The Black-Latino Actors Studio brings diversity to Fort Collins’ theater community

Walker Discoe

Acting and theatrical performance is by nature a communal experience, and Tatmon believes it is important to extend the world of theater to include diversity so that all types of people are invited to a seat in the theater, and a role on stage.

Acting is a time-honored form of self-expression and social commentary that we humans have been using and exploring for several millennia. Now in the present, theater and acting are being used in new and interesting ways that allow previously marginalized voices in the art form to be utilized and appreciated. According to Quartz, performers on Broadway in the 2014-15 season were comprised of nearly 85 percent white performers, and only 3.5 percent of performers were Latino. Around the country, the lack of actors and actresses of color in theater productions is striking as well.

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But in Fort Collins, Michael Anthony Tatmon is on a mission to change the amount of representation in Northern Colorado’s acting community. Just this year, Tatmon founded The Black-Latino Actors Studio, an organization with the tagline “in living colored” and the hopes of both bringing attention to the work of minority actors and actresses in the community as well as fostering an appreciation and interest in the field of stage performance for young Black and Latino citizens.

…sometimes we need to take a moment and be grateful for the things that people did to put black people in the position that they are today.”– Michael Anthony Tatmon, founder of the Black-Latino Actors Studio.

“I know the difficulties of getting started in acting, and becoming a serious performer,” Tatmon said. “We are here to provide a resource, not only for getting Black, Latino, Asian, and minority actors and actresses on stage, but creating a place where people, especially young people, can come and learn about what we do and what performance is, because often young, minority, Black and Latino kids don’t ever see performance as something they can do.”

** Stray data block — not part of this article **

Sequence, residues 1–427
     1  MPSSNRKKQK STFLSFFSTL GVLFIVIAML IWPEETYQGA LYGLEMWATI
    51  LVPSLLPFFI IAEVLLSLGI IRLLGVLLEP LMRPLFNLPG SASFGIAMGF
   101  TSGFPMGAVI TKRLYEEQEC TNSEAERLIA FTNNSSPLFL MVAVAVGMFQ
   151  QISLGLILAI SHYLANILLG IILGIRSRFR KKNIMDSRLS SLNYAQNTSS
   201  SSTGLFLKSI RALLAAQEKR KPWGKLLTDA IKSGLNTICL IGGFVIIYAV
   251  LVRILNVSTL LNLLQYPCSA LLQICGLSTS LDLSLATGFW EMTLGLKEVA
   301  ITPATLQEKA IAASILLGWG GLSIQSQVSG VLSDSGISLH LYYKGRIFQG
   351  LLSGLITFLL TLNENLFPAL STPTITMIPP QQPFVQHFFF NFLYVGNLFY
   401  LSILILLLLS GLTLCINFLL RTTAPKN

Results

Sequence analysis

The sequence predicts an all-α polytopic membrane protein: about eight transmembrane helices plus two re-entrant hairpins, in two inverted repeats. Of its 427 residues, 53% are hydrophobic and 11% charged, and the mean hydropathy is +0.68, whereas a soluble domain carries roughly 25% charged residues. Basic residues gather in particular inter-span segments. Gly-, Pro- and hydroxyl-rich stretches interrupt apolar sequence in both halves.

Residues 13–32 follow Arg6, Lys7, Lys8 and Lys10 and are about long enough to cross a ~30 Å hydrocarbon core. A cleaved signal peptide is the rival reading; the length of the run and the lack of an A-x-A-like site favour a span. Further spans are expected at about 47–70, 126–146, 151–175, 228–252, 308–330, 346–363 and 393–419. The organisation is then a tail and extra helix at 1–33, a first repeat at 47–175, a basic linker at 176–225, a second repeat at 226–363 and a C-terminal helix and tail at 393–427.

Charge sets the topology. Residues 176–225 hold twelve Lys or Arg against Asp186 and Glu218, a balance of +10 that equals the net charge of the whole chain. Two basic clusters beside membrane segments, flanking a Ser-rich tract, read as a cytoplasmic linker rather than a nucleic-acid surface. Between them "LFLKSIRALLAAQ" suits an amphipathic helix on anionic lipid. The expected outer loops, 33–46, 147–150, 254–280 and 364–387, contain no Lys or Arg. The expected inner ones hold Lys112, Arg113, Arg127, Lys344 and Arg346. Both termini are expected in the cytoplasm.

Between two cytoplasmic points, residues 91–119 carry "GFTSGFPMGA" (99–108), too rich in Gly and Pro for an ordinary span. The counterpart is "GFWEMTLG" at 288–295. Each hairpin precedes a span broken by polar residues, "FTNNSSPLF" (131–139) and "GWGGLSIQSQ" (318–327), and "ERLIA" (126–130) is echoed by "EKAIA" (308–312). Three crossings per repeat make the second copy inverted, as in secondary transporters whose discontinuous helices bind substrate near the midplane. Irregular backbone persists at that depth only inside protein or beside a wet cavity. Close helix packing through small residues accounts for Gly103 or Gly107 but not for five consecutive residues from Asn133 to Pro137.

Tatmon himself spearheaded the first Black-Latino Actors Studio production, a one-man show about the life and work of late supreme court justice Thurgood Marshall titled “THURGOOD,” a major part of which details Marshall’s battle with the segregated school systems in 20th century America as well as his involvement with the landmark legal case Brown Vs. Board of Education.

“There’s so many parts of this play that bring out so much awareness and pain, just in my personal life,” Tatmon said in an online video. “My father (was) born in 1928 in the deep South, Jim Crow…(he) enlisted in the military when he was 16 years old in World War II. My mother (was) a teacher…had to deal with segregated schools, and my grandmother (grew) up without an education her entire career. So many things happened at that time in the South that made me who I am. I had very little understanding of where my parents had come from and where they had grown too, and maybe their frustrations at our generation’s lack of gratitude. Sometimes it’s too late to make amends, and sometimes we need to take a moment and be grateful for the things that people did to put Black people in the position that they are today.”

Tatmon’s performance of “THURGOOD” was certainly his moment to appreciate the rich history of Black bravery.

“What they had to go through,” Tatmon said. “On a daily basis, hourly basis, humiliation, upon humiliation, and they lived through it.”

Even with Tatmon’s current run of “THURGOOD” endingMarch 6 at the Bas Bleu theater, Tatmon looks to the future of guiding and organizing productions for The Black-Latino Actors Studio with excitement and anticipation. He’s glad to be helping to usher in a new chapter in Fort Collins’ acting community, getting minority kids involved with their local theater companies and becoming performers. Tatmon refers to minority children as the “future” of acting, and is glad to see just how many opportunities he can offer to the actors of today, as well as the performers of tomorrow.

Acting and theatrical performance is by nature a communal experience, and Tatmon believes it is important to extend the world of theater to include diversity so that all types of people are invited to a seat in the theatre, and a role on stage.

Walker Discoe can be reached at entertainment@collegian.com or on Twitter @wdiscoe

 

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